Nurse honored as she bids farewell to ‘family’

John Massman presents Katy Crabtree with a Waterford crystal vase in recognition of her years of service as wellness coordinator for priests, and especially her service to the diocese’s retired priests. The surprise presentation was made at a gathering of retired priests Feb. 27 at Visitation Parish in Kansas City. (Kevin Kelly/Key photo)

John Massman presents Katy Crabtree with a Waterford crystal vase in recognition of her years of service as wellness coordinator for priests, and especially her service to the diocese’s retired priests. The surprise presentation was made at a gathering of retired priests Feb. 27 at Visitation Parish in Kansas City. (Kevin Kelly/Key photo)

By Kevin Kelly
Catholic Key Associate Editor

KANSAS CITY — Just as Katy Crabtree was introducing her successor at a Feb. 27 gathering of retired priests, in walked latecomer Father Chuck Jones.

“He’s the one who never answers his phone calls,” Crabtree warned Eva Skahan.

And that, in a nutshell, is why Crabtree was so effective for a decade as the diocesan wellness coordinator for priests, and especially why she worked so well with retired priests.

She was the boss, make no mistake about it. If often on her rounds of checking in on them, a retired priest was ailing but reluctant to see a doctor, Crabtree would take them there. She’d coax them, and if that didn’t work, she’d bully them. And she often drove them to doctor’s appointments herself.

And she did it out of love.

Crabtree was told that the Feb. 27 wine and cheese gathering would be an opportunity for retired priests to meet her successor, whom Crabtree called “a nurse’s nurse.”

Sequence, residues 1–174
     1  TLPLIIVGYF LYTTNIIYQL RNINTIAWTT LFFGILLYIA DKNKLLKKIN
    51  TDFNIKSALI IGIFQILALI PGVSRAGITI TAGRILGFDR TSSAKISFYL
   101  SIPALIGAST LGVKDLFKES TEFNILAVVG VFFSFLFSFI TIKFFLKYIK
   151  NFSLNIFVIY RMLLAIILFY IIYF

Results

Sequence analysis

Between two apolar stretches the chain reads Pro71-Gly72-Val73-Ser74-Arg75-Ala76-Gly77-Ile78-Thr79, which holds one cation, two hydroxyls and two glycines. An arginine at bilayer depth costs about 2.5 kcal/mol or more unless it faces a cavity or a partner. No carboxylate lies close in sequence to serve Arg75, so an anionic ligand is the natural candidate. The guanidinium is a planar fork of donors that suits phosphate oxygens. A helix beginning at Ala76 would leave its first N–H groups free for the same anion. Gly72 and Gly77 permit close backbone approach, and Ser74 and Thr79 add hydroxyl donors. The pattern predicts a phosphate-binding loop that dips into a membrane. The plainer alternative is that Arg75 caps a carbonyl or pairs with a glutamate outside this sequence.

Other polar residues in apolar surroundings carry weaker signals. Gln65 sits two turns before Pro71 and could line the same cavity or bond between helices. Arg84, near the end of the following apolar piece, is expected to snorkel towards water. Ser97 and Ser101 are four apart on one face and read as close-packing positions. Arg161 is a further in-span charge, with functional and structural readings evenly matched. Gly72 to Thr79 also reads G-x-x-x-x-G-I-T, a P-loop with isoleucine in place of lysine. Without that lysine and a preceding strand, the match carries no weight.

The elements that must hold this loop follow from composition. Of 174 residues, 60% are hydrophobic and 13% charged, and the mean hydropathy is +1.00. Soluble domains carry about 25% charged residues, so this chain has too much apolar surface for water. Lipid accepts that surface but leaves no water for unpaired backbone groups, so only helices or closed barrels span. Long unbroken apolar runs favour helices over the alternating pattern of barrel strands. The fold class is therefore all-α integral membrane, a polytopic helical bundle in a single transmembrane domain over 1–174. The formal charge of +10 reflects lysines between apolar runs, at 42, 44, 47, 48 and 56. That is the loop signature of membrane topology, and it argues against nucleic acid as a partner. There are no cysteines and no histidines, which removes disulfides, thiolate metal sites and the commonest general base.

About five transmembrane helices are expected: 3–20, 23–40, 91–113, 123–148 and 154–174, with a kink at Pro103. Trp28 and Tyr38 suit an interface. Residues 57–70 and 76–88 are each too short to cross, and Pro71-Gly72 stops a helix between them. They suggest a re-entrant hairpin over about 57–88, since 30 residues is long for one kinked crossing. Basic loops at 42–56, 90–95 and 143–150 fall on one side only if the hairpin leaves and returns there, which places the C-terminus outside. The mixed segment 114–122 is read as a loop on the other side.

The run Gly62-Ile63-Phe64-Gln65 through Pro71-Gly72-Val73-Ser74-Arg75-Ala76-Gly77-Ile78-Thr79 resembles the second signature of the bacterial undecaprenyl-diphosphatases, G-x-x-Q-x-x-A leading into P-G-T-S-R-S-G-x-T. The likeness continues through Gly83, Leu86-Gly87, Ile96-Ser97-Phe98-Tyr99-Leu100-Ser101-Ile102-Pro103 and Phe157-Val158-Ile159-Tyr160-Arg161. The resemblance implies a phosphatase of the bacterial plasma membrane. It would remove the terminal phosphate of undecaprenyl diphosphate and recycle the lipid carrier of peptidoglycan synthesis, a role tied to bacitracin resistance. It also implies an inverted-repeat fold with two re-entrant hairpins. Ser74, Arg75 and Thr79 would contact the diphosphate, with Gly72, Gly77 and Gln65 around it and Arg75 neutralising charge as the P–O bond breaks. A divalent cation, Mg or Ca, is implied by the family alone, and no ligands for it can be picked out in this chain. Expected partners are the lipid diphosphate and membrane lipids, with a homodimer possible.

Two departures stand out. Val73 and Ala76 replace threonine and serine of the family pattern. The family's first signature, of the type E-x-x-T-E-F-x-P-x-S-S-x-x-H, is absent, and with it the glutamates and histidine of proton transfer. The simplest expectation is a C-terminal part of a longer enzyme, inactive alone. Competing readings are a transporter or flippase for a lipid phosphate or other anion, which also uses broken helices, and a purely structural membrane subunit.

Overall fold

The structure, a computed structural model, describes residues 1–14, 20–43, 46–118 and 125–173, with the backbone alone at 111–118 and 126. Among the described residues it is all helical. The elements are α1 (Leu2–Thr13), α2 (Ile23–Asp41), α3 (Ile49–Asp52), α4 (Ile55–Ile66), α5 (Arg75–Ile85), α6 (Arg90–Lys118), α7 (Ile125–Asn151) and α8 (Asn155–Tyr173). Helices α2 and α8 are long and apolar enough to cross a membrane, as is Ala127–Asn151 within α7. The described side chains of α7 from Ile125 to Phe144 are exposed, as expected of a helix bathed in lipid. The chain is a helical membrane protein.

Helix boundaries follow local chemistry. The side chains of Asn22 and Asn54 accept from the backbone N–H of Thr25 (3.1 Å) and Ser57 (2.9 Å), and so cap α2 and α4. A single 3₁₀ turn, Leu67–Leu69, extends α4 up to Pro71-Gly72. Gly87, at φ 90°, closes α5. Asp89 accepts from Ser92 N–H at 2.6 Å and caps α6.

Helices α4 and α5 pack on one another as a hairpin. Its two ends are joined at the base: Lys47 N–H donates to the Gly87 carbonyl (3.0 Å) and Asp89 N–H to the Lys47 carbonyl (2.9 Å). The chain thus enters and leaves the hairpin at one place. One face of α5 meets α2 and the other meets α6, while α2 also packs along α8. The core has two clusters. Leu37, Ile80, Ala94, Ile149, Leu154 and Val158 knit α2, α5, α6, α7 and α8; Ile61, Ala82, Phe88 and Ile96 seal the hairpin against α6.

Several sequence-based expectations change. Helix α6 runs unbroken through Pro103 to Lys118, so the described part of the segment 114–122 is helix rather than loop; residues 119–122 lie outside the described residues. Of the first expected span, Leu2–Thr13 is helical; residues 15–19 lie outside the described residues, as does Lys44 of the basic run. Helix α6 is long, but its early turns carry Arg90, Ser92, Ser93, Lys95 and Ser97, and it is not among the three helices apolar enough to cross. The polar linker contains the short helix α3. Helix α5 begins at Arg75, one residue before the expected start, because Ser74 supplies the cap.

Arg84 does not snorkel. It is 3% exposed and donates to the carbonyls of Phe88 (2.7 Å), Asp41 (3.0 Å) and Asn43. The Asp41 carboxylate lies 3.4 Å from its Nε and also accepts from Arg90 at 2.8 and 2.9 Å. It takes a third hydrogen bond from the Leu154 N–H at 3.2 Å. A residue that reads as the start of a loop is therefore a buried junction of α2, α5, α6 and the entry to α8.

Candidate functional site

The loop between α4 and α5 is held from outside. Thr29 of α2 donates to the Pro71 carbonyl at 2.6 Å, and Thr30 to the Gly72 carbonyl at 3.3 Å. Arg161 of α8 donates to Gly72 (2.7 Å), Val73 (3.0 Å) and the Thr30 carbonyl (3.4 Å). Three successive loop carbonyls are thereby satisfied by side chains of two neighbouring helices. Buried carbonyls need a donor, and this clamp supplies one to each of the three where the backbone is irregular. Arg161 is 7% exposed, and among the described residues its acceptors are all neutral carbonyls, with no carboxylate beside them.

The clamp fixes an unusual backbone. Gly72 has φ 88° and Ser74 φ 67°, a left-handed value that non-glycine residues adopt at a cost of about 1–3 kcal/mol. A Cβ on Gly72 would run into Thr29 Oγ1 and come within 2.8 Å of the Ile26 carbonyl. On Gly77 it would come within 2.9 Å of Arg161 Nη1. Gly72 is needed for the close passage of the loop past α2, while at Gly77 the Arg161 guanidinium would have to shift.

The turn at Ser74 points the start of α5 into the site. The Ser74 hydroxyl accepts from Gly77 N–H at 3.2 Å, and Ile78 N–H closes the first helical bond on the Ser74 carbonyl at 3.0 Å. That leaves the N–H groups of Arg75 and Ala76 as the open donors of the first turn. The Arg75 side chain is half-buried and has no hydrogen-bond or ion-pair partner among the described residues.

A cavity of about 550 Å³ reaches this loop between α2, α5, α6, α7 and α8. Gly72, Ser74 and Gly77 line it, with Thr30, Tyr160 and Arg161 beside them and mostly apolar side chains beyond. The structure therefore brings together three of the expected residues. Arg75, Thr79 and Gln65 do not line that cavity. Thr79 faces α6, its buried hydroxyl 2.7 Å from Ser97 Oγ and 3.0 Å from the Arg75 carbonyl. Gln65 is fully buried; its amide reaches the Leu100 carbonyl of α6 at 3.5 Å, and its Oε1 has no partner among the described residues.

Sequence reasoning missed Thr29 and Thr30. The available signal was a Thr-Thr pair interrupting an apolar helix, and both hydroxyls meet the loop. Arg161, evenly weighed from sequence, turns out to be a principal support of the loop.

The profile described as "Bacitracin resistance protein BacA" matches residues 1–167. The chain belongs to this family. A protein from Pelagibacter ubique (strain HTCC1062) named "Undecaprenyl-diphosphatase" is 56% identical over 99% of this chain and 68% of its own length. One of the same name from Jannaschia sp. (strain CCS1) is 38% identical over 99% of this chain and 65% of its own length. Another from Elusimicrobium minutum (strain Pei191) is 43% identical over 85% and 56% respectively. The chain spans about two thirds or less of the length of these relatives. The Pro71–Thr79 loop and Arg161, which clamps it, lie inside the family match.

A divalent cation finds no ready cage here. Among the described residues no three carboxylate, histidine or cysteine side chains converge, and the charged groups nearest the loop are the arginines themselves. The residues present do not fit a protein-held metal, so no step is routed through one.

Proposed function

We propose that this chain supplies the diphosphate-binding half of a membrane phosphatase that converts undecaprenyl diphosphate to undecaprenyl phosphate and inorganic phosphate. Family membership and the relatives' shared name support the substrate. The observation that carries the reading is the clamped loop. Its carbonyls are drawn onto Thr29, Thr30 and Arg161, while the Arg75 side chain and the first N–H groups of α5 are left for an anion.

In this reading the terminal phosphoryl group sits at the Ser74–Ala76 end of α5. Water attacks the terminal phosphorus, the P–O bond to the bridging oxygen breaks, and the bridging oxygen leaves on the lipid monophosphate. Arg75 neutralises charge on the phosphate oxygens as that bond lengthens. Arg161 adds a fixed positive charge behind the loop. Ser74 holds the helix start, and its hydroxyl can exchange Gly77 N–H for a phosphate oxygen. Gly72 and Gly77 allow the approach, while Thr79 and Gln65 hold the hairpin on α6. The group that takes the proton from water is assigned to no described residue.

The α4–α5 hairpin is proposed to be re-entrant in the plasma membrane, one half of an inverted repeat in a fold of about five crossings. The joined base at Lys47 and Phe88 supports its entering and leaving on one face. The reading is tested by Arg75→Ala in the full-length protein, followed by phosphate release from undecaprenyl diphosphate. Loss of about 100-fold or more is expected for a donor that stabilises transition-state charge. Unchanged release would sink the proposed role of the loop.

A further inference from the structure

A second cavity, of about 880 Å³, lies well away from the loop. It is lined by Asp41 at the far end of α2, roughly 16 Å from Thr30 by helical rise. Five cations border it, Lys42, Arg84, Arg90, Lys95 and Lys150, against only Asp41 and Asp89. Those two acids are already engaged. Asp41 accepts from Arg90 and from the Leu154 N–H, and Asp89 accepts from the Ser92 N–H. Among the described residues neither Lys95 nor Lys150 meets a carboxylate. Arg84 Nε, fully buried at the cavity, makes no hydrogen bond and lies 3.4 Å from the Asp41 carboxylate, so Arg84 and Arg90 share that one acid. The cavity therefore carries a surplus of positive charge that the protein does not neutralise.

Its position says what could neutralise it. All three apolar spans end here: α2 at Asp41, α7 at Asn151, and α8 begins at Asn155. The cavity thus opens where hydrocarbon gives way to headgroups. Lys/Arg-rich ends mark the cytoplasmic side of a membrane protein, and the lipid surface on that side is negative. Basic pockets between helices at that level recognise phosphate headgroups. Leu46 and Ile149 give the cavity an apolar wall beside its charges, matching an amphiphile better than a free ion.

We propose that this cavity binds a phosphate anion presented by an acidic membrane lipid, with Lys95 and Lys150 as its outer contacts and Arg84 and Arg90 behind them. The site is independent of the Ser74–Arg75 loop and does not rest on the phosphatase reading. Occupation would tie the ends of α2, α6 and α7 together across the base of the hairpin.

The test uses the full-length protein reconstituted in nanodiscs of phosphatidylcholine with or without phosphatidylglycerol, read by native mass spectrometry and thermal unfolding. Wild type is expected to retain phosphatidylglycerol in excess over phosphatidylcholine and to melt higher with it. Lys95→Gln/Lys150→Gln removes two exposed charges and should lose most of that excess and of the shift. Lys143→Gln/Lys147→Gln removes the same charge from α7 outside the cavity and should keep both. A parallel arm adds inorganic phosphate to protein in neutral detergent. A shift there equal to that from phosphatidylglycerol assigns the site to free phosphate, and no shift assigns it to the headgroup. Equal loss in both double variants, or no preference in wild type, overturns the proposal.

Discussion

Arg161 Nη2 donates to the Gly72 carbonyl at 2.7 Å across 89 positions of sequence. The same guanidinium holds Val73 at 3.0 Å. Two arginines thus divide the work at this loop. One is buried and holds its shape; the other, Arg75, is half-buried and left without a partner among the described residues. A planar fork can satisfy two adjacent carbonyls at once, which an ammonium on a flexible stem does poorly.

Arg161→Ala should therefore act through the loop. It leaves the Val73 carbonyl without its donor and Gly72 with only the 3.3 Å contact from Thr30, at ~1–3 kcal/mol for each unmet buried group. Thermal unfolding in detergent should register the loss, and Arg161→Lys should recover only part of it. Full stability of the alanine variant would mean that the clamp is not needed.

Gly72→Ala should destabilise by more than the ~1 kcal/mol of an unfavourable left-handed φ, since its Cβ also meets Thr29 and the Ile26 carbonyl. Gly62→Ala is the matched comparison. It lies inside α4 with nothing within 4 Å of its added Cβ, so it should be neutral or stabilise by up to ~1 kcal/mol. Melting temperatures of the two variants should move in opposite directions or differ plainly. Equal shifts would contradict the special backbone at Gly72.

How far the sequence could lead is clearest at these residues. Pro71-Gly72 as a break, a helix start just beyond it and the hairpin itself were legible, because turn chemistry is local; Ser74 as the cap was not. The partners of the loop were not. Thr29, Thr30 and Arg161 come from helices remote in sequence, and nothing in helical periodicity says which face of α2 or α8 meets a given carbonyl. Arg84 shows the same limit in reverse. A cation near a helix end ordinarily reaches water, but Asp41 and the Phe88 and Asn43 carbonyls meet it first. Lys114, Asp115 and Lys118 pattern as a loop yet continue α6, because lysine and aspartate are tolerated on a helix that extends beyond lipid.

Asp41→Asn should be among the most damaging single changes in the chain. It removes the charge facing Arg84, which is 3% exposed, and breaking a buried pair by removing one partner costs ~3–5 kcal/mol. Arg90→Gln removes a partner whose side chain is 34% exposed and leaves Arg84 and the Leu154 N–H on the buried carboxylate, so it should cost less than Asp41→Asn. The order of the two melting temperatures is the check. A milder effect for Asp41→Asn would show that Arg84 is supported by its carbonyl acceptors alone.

In reality, it was an event for the priests and the Retired Priests Committee dedicated to their welfare to thank Crabtree for her years of love and service.

“If we told her that in advance, she wouldn’t have come,” said John Massman, a leader of the committee that includes representatives of the Knights of Malta, Knights of the Holy Sepulcher, Knights of Columbus, Diocesan Council of Catholic Women, and the World Apostolate of Fatima.

Massman told the gathering of a few dozen retired priests that the committee asked retired priests a decade ago what they needed the most. Health care assistance topped the list.

Bishop Raymond J. Boland then hired Crabtree, a veteran registered nurse, to regularly monitor the health of retired priests.

Her job, Massman said, was supposed to be “part-time.” She put in much more time than that.

“If she would have worked full-time she would have worked 24 hours a day,” Massman said.

“She knew every priest,” he said. “She even got the respect of some priests who shut the door on her the first time she came.”

On behalf of the committee and priests, Massman gave Crabtree a Waterford crystal vase, which will be inscribed with words of appreciation for her service.

Crabtree assured the priests that if they thought she was tough, meet Skahan. She’ll know they need medical help before they tell her, and she also will not take no for an answer.

“I’ve already told her who to look out for,” Crabtree said.

Crabtree also told the priests the reason she was leaving her job. She had come to love the priests dearly, and it became too painful when the inevitable happened and they returned home to God.

“It really became too hard for me to give them up,” she said.

“It’s been a wonderful time,” she said. “You are family to me.”

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Monday
December 05, 2016
Newspaper of the Diocese of Kansas City ~ St. Joseph